New Zealand Stitchbirds (Notiomystis cincta). Illustration (1800’s) by John Gerrard Keulemans (1842-1912) taken from ‘A History of the Birds of New Zealand’, 2nd Edition by Sir Walter Lawry Buller (1838–1906).
Morepork & Laughing Owl, John Gerrard Keulemans, 1873
Pliny denounced the magicians’ claim that an owl’s heart placed on a sleeping woman’s left breast would compel her to tell all of her secrets. For an owl’s secrets are not a woman’s secrets. They are of the shadows on the moon’s face, the sapphire blue of a sky lit by stars and nothing else, the chuckle of a gecko on leaf litter, and how to pluck a squeaking bat from the air. An owl’s secrets are the notes of its call, the pattern of its breath, and the silence of an evening wingbeat. An owl’s secrets cannot be winnowed with charms and witchery. They are hidden in fissures and ledges, sites long unseen and forgotten, now that the owls have gone.
Falco peregrinus minor, first described by Bonaparte in 1850. It is sparsely and patchily distributed throughout much of sub-Saharan Africa and widespread in Southern Africa. It apparently reaches north along the Atlantic coast as far as Morocco. It is non-migratory, and small and dark. [source]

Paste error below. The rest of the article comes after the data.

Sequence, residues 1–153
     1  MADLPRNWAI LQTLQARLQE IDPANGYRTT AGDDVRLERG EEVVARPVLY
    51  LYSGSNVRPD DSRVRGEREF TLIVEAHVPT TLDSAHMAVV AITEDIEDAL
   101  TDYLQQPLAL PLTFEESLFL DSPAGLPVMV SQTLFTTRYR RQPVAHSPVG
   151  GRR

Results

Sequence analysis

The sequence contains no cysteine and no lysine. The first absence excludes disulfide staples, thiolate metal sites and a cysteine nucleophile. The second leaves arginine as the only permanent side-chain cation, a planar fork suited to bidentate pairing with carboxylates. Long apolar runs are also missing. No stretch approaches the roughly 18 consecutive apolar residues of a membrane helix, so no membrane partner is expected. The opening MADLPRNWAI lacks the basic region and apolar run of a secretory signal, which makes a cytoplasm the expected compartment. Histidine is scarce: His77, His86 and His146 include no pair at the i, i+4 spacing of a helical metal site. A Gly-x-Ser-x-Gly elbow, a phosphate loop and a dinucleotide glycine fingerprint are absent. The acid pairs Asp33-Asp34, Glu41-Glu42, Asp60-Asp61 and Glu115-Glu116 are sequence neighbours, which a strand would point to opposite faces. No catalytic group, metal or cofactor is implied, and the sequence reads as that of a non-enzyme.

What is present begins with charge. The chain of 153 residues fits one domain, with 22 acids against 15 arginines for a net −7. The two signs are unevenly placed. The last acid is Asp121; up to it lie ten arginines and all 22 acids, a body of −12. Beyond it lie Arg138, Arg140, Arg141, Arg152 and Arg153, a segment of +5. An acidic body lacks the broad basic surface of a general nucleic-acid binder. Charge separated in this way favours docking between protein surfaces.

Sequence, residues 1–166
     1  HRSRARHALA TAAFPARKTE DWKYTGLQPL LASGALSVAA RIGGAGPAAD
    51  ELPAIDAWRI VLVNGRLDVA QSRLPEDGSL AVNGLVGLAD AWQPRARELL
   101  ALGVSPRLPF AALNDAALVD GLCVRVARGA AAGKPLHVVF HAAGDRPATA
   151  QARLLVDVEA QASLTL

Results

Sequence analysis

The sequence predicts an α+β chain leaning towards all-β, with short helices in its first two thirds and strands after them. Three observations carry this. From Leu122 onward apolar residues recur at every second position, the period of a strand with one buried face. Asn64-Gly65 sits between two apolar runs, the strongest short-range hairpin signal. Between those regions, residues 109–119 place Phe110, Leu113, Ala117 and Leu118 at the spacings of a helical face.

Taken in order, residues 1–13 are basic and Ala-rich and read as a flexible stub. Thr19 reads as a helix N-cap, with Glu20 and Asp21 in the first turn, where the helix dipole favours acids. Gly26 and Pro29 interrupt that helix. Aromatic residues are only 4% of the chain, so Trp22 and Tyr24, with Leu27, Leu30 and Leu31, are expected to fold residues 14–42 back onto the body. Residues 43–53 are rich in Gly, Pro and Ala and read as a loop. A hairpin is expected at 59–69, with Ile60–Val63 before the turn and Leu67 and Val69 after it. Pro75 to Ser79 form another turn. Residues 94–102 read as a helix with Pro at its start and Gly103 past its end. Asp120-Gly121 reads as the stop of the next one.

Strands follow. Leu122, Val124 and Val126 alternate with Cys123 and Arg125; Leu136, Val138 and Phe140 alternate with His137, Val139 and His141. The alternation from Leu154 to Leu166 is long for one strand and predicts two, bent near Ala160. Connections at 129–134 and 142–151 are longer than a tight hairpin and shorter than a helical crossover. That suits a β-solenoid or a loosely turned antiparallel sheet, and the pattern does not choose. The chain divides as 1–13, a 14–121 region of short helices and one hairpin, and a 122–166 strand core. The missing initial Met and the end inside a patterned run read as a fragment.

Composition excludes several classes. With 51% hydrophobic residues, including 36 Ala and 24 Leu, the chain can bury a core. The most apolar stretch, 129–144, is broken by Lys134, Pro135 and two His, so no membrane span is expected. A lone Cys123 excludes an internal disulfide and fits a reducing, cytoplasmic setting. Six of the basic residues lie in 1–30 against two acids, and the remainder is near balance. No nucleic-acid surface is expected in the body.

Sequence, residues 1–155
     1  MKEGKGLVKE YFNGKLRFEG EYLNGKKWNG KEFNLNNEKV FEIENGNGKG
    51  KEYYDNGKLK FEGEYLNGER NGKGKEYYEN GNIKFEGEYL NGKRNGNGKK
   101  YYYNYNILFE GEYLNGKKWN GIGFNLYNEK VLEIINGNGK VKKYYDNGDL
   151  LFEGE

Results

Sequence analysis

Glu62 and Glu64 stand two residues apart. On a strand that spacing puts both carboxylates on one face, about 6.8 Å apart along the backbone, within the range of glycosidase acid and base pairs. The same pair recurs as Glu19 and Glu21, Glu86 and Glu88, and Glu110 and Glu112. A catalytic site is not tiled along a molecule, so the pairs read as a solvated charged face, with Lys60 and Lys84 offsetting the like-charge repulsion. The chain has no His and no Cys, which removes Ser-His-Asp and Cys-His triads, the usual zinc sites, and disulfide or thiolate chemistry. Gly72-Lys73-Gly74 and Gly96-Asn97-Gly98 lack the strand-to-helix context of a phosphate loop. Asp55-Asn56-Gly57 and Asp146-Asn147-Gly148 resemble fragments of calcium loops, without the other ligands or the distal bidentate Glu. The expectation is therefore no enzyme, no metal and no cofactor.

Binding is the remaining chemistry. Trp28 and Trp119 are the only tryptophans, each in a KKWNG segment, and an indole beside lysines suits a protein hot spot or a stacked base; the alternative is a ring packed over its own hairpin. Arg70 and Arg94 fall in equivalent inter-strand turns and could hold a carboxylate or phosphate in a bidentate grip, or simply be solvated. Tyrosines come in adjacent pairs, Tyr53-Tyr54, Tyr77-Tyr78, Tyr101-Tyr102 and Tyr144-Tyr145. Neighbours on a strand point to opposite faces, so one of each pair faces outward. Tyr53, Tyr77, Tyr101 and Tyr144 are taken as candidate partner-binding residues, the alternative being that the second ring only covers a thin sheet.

John Gerrard Keulemans [Johannes Gerardus Keulemans; J.G. Keulemans] (1842–1912): Dasyprocta
azarae [Azara’s Agouti], 1876, Proceedings of the Zoological Society of London by
Zoological Society of London for the year 1876, source: archive.org/details/proceedingsofzoo1876zool
and en.academic.ru. Azara’s Agouti, Dasyprocta azarae, is a South American
agouti species from the family Dasyproctidae. It is found in Brazil, Paraguay
and Argentina. It is named after Spanish naturalist Félix de Azara (1746-1821), source: wikipedia.com.